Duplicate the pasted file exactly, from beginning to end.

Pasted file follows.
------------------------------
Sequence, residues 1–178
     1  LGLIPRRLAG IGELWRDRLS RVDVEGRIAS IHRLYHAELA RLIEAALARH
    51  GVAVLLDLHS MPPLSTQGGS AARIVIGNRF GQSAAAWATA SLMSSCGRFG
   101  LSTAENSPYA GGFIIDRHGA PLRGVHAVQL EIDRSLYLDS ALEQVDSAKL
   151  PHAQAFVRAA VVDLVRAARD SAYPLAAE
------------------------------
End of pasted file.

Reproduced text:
Sequence, residues 1–178
     1  LGLIPRRLAG IGELWRDRLS RVDVEGRIAS IHRLYHAELA RLIEAALARH
    51  GVAVLLDLHS MPPLSTQGGS AARIVIGNRF GQSAAAWATA SLMSSCGRFG
   101  LSTAENSPYA GGFIIDRHGA PLRGVHAVQL EIDRSLYLDS ALEQVDSAKL
   151  PHAQAFVRAA VVDLVRAARD SAYPLAAE